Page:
Sergei’s father, Viktor, was spouting off at a prodigious rate in the Russian press, with Igor Larin offering Viktor what the elder Fedorov assumed was a Russian-speaking audience to vent his various frustrations about his son’s ice time, role, supposedly misunderstood status as a Russian superstar who was treated as second rate by Scotty Bowman, Steve Yzerman and the Wings’ organization, etc. etc…I mean, if you want to know where the lore regarding the “enigmatic Russian superstar” or the “Russian problem” came from, a significant minority of that lore was spun into virtual ink from Viktor’s mouth to Larin’s ears, and out on the internet it went.
What Viktor and sometimes Sergei had to say were baffling, confusing, contradictory, sometimes incredibly petty and mostly remarkably vicious statements, and if you think the blood was bad between Fedorov and the Wings in the English-language media, man, you have no idea how nasty things got in Russian. You would have thought that Fedorov and the Wings were getting a Hollywood divorce, negotiated in the media and involving the splitting of assets more entangled than a hundred-year-old oak tree’s roots, or the custody of multiple children from various marriages and extramarital affairs.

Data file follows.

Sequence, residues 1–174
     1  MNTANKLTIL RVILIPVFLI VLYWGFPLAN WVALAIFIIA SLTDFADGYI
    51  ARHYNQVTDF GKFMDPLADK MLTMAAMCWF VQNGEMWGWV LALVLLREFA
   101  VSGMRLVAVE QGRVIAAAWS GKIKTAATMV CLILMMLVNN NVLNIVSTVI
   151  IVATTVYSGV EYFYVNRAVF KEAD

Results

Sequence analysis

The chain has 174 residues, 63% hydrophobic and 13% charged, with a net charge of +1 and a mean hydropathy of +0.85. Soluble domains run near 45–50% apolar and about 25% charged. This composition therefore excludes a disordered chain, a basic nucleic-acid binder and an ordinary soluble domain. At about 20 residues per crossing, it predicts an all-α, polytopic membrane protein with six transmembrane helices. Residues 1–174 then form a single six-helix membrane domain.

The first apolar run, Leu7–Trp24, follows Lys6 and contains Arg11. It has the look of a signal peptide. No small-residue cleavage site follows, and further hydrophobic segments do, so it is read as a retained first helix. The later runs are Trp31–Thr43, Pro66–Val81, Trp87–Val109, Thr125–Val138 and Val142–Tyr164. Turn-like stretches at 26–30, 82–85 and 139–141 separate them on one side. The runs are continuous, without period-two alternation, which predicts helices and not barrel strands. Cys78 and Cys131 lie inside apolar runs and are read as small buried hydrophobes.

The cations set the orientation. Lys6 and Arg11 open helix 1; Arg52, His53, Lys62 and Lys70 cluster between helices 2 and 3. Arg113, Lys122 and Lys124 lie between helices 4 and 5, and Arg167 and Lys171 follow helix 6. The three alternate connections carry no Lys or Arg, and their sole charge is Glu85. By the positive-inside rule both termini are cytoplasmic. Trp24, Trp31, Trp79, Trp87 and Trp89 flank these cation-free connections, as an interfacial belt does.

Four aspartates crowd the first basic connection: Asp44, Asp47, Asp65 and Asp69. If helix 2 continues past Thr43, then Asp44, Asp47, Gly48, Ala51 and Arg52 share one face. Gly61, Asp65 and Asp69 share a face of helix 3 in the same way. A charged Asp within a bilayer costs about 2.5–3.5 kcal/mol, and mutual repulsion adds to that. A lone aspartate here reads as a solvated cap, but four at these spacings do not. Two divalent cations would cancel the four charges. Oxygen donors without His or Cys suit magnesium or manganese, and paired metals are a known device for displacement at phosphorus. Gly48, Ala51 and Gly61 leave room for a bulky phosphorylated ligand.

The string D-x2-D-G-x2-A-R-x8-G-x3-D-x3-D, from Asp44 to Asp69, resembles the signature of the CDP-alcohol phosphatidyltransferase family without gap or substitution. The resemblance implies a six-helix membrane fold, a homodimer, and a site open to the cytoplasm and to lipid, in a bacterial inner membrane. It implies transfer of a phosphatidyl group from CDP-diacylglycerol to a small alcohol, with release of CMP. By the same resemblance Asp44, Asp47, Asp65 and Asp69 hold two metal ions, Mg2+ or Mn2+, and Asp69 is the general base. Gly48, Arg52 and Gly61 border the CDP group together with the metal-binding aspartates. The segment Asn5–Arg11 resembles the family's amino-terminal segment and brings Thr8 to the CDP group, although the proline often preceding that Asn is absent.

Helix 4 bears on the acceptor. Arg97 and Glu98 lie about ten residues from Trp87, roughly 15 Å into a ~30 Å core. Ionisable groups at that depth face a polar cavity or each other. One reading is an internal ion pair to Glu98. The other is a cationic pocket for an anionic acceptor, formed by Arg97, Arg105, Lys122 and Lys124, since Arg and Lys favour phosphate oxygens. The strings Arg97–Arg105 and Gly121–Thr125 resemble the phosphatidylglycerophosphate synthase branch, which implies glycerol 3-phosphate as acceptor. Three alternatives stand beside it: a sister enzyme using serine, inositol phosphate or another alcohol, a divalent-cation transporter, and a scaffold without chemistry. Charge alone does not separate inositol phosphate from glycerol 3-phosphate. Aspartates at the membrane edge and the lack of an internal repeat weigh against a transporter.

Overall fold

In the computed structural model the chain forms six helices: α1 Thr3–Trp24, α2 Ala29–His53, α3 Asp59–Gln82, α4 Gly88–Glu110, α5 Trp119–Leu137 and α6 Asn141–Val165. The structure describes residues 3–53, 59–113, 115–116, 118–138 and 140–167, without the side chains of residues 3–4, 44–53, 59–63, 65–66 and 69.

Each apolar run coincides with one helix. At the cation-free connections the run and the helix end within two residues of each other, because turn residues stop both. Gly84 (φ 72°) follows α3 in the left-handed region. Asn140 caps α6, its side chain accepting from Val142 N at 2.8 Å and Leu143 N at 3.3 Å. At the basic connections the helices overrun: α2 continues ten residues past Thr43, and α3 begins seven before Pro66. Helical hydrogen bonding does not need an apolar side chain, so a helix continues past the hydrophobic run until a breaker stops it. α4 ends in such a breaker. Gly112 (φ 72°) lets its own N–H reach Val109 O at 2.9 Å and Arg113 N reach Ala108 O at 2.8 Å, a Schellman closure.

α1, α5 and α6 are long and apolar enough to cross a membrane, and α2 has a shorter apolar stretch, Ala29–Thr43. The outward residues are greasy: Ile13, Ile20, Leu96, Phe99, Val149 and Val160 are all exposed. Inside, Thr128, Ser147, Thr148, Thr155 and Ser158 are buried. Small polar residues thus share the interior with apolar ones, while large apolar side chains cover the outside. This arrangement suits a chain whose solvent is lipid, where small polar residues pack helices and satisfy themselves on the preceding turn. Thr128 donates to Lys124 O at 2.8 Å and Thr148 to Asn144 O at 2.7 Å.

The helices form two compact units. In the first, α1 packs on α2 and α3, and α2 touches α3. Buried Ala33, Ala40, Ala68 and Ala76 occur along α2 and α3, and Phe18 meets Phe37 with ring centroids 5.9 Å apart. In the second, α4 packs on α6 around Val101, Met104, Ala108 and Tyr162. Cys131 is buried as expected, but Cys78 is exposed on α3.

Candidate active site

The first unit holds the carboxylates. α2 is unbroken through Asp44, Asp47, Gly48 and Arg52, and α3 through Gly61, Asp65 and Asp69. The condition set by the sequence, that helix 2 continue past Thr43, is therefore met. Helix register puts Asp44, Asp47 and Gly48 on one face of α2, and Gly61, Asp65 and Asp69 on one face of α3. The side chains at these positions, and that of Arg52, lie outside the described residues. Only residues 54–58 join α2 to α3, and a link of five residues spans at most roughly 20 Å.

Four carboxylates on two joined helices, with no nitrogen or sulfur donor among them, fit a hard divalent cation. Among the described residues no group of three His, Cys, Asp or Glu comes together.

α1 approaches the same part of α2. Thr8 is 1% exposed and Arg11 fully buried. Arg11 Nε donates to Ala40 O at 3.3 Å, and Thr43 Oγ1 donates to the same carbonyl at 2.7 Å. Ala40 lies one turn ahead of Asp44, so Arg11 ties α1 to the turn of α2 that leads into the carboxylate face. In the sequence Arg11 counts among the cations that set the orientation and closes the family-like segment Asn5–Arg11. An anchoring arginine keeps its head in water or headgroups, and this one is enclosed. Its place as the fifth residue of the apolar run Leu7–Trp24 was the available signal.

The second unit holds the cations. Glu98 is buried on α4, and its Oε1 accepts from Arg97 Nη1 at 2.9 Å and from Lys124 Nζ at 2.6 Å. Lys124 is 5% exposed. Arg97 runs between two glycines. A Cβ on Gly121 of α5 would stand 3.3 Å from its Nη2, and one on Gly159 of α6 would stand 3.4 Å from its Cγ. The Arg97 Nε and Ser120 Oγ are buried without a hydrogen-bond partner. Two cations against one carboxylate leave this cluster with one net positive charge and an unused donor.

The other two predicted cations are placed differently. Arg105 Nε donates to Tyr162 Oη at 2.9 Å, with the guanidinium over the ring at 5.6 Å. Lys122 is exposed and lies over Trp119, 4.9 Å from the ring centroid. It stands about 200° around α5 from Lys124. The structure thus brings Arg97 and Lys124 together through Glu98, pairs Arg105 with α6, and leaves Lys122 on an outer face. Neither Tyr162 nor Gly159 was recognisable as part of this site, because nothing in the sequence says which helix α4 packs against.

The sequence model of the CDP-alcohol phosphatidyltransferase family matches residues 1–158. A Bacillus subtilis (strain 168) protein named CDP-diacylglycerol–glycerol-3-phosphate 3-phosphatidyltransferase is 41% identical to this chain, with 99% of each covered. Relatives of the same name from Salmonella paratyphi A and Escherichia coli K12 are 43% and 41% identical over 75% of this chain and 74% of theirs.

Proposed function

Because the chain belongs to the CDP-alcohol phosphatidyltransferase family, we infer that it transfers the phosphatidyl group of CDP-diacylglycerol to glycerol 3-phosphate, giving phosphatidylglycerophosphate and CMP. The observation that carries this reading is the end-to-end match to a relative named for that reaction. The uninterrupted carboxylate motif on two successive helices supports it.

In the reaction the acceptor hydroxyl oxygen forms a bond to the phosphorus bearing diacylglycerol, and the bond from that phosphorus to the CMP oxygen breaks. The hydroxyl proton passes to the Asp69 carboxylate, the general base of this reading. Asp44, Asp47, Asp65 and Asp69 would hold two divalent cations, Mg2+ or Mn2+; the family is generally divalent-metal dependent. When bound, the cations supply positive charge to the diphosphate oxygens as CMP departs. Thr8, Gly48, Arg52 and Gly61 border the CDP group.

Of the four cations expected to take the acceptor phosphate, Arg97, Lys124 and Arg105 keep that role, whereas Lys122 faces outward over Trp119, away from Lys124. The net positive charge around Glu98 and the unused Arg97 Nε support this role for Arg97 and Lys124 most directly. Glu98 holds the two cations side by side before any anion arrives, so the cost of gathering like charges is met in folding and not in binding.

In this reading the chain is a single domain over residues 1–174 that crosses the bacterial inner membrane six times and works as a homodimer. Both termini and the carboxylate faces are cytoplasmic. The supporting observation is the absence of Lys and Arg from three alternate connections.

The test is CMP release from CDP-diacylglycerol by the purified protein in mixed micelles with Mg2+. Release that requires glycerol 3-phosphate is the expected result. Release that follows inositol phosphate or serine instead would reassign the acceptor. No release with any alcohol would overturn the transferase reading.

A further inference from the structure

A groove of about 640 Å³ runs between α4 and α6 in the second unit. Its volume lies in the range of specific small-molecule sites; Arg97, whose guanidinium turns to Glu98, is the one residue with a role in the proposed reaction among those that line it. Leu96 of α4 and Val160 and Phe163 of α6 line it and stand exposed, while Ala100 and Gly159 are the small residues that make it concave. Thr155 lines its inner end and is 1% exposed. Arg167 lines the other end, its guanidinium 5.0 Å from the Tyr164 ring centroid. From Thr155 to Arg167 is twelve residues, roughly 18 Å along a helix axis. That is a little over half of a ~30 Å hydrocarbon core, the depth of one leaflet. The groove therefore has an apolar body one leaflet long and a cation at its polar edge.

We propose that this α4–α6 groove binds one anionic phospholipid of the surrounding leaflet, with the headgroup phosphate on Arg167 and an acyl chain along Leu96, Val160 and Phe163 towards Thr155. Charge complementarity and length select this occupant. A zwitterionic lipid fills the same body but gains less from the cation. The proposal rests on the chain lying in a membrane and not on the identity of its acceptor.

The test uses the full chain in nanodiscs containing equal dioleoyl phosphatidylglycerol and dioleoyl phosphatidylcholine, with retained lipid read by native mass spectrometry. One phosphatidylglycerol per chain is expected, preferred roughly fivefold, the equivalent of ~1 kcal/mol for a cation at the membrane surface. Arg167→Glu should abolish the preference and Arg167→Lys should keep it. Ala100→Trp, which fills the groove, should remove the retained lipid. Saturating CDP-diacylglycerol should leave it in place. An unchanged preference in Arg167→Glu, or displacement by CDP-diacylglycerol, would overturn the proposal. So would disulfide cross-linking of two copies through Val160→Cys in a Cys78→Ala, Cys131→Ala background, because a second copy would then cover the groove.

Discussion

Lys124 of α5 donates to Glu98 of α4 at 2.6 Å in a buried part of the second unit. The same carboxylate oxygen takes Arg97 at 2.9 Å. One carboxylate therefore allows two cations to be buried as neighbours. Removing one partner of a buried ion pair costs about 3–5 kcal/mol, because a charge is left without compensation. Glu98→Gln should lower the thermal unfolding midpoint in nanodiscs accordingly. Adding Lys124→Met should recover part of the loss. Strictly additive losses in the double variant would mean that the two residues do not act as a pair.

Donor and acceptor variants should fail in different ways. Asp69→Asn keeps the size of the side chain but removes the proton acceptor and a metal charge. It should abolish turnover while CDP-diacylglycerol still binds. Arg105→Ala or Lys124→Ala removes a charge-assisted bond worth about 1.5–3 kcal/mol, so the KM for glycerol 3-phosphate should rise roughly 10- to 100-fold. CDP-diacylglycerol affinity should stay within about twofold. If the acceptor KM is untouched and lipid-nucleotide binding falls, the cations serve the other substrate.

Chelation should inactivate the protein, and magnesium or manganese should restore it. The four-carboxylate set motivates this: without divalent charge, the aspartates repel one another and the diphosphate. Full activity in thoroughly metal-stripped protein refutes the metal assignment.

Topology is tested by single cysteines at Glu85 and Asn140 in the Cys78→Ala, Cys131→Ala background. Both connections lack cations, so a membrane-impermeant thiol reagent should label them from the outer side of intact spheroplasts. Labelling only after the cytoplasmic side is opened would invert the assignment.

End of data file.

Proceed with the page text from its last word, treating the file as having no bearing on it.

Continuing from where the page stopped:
If you’re looking for a frame of reference, what played out—and as you might imagine, foreign-language commentary got back to the Wings’ front office—may very well have exceeded the acrimony surrounding Bob Probert’s departure for the Blackhawks after Jimmy Devellano essentially kicked Probert off the team after a wrecked Harley served as the deciding factor in ending a tattered and torn relationship.
It took until Steve Yzerman’s jersey retirement ceremony for the Wings to mend fences and welcome Probert back into the fold, and I can imagine that Ken Holland will have a good ten miles of barbed wire fence to cut down before Jimmy Devellano and Fedorov can occupy the same room.
Long story short, those of you who wonder went wrong only know a portion of the story, and those of you who hold grudges…